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COVID-19 STATUS: KNOW BEFORE YOU GO

PARK FULLY OPEN

Face Masks or Coverings Required in Certain Areas Social Distancing Required
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If you believe this information is incorrect or needs updating, please let us know by using the link after clicking this box.

COVID-19 STATUS: KNOW BEFORE YOU GO

PARK FULLY OPEN

If you believe this information is incorrect or needs updating, please let us know here.
So what does "Park Fully Open" mean?

According to the U.S. National Park Service, Bryce Canyon National Park is currently fully open. This means all operations are back to normal. This can mean there are still restrictions on social distancing, travel and/or masks. Visit the source link below for more detailed information regarding this park's status.

What we know:

The below source link has more information about the status of the park. The National Park Service requires everyone at this park, regardless of vaccination status, to continue to wear masks indoors and in crowded outdoor spaces, such as narrow/busy trails, overlooks, visitor center patios, & other congested areas.

Face Masks or Coverings Required in Certain Areas

Bryce Canyon National Park is currently requiring masks or face coverings in certain or all areas. Depending on your vaccination status, if you are not fully vaccinated (meaning two weeks after your final vaccination), and according to CDC guidelines, which currently depends on the COVID-19 transmissibility rate in the community in and around the park. Most parks requiring masks indoors have put an alert out (found below in the Alerts section). Please refer to the U.S. National Park Service, the state of Utah and the local community for more detailed information.

Social Distancing Required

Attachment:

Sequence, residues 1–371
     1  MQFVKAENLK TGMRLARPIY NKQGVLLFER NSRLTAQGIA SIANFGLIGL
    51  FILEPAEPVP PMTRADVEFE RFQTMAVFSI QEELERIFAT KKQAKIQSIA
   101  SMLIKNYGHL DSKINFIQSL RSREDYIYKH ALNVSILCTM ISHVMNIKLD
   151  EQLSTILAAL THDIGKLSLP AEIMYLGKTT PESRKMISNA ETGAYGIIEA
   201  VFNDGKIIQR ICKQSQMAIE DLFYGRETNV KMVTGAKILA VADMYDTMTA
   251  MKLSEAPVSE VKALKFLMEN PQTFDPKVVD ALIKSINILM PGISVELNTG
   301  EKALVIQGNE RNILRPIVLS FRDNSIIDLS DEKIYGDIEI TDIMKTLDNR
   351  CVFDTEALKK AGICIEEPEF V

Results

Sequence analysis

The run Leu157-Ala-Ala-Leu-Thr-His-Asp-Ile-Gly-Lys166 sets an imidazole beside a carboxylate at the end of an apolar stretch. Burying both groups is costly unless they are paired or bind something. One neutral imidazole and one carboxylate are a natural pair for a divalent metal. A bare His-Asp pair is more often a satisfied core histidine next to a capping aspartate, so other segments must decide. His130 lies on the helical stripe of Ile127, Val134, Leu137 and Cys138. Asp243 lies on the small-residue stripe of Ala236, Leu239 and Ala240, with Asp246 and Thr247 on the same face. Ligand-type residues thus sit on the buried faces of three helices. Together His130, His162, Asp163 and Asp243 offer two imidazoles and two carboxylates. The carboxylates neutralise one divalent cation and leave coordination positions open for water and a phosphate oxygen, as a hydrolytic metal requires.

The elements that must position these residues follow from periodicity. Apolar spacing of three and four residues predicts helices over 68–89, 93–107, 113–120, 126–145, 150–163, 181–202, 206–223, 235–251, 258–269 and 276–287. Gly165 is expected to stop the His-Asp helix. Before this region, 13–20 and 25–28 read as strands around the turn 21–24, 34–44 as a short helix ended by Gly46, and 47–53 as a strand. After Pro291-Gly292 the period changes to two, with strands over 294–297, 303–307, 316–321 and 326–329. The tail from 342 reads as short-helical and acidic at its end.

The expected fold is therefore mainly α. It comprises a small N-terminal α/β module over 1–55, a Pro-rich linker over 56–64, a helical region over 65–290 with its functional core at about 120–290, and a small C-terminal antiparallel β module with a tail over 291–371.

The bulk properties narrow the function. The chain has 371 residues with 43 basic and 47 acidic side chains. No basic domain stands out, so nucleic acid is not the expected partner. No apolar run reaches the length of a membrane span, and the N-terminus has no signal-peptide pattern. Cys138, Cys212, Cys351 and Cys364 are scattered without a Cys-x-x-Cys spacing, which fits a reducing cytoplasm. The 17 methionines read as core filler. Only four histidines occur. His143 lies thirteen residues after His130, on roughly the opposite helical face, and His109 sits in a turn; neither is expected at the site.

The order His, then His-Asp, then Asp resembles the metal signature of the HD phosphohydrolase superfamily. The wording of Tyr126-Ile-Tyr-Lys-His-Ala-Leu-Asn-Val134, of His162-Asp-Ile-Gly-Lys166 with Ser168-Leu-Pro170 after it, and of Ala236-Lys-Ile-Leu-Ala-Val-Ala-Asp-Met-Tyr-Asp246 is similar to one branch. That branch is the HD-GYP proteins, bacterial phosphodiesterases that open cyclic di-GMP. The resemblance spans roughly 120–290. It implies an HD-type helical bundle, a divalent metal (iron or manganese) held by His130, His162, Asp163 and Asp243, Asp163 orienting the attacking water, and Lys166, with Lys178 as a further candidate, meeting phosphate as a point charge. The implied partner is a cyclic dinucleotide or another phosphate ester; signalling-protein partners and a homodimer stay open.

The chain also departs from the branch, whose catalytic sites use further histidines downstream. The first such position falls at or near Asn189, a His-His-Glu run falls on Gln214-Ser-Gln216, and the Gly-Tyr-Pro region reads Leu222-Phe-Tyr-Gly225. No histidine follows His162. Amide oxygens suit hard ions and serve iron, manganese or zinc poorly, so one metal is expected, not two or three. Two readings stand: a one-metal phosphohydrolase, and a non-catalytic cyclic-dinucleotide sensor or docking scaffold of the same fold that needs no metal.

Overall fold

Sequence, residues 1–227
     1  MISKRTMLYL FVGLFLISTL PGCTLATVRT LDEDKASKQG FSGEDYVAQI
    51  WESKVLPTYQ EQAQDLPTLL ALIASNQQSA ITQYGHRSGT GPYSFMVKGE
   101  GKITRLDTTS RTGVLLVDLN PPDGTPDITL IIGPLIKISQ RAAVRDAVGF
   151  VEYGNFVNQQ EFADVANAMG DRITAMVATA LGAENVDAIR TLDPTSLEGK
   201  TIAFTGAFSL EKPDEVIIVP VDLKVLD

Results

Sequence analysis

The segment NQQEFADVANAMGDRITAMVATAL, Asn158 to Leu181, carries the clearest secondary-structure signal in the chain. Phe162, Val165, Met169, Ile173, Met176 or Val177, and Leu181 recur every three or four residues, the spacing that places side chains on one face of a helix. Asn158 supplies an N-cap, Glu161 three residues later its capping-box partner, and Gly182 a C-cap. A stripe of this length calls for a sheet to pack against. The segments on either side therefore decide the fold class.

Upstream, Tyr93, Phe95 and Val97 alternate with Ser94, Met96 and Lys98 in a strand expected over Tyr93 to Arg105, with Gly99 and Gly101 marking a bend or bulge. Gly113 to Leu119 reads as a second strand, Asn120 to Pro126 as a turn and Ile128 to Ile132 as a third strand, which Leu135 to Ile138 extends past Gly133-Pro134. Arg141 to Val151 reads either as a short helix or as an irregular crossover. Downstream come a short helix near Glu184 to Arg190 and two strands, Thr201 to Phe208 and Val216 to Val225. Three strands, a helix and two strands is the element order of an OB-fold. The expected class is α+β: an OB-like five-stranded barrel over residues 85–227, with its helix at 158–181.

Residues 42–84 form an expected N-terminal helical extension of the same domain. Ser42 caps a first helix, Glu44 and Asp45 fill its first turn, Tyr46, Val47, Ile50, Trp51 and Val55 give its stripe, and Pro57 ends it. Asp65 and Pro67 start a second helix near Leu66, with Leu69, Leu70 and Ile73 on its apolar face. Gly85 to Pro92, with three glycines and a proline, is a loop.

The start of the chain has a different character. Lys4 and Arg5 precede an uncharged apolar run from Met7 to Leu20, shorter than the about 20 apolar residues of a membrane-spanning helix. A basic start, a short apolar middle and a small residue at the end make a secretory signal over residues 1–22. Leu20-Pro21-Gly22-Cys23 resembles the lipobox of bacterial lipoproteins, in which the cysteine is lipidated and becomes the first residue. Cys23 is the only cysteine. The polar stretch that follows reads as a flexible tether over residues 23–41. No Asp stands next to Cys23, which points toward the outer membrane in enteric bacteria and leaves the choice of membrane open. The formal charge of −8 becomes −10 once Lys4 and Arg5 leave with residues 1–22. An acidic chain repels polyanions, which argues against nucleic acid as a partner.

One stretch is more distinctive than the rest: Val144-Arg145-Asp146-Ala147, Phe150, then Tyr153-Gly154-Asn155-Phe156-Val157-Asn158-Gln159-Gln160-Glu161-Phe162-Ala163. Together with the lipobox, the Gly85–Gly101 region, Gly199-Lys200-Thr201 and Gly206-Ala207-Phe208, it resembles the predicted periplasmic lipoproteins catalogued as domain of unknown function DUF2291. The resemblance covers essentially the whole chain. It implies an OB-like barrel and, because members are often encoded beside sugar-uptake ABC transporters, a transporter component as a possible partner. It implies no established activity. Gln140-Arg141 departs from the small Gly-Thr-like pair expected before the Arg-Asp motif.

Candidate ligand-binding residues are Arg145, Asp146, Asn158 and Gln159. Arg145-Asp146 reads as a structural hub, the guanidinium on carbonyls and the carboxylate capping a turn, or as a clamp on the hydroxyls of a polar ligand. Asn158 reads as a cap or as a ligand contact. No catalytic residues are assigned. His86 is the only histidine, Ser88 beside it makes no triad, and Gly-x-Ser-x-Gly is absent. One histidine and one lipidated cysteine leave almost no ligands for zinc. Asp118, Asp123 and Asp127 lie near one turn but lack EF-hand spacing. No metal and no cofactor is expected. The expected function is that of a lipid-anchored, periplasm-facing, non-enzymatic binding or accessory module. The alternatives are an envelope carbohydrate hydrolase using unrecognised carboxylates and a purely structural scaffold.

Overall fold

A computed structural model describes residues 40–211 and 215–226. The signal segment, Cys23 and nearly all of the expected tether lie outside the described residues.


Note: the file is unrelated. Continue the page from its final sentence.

Bryce Canyon National Park is currently requiring everyone to social distance, 6 feet or more, from others. This usually means outside of your immediate group. Some parks may also have size restrictions on gatherings to help assist in social distancing. Please refer to the U.S. National Park Service, the state of Utah and the local community for more detailed information.

Last Updated: September 1, 2021
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Park Alerts (1)

***Discover Our Parks, LLC takes no responsability in the accuracy of these alerts, which are taken directly from NPS.gov, and we provide them for informational purposes only. Please refer to NPS.gov for more information.

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About Bryce Canyon National Park

Bryce Canyon National Park is in south-central Utah. The northern part of the park is in Garfield County, and the southernmost portion in Kane County. The park encompasses approximately 35,835 acres, and the park ranges between 6,600 and 9,100 feet in elevation. Named after pioneer Ebenezer Bryce, Bryce Canyon National Park was originally established as a national monument by presidential proclamation in 1923. The park was renamed Utah National Park in 1924, and eventually the name was changed to Bryce Canyon National Park in 1928. In 1975, nearly 46% of the park (16,303 acres) was recommended to be included as a unit of the national wilderness preservation system. Much of the park is surrounded by the Dixie National Forest or Bureau of Land Management (BLM) lands, including portions of the Grand Staircase–Escalante National Monument.